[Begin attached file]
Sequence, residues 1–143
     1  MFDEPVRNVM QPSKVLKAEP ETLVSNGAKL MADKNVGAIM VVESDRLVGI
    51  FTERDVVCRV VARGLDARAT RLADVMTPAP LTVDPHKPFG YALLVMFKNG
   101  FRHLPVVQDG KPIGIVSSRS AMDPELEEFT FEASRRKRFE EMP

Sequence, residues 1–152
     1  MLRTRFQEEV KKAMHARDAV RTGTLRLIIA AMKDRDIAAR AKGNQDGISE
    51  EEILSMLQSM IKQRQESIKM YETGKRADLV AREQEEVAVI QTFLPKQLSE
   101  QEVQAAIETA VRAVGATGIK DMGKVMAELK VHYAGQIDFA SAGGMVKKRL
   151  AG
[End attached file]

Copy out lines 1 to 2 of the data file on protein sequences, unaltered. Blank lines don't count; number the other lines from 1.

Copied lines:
Sequence, residues 1–143
     1  MFDEPVRNVM QPSKVLKAEP ETLVSNGAKL MADKNVGAIM VVESDRLVGI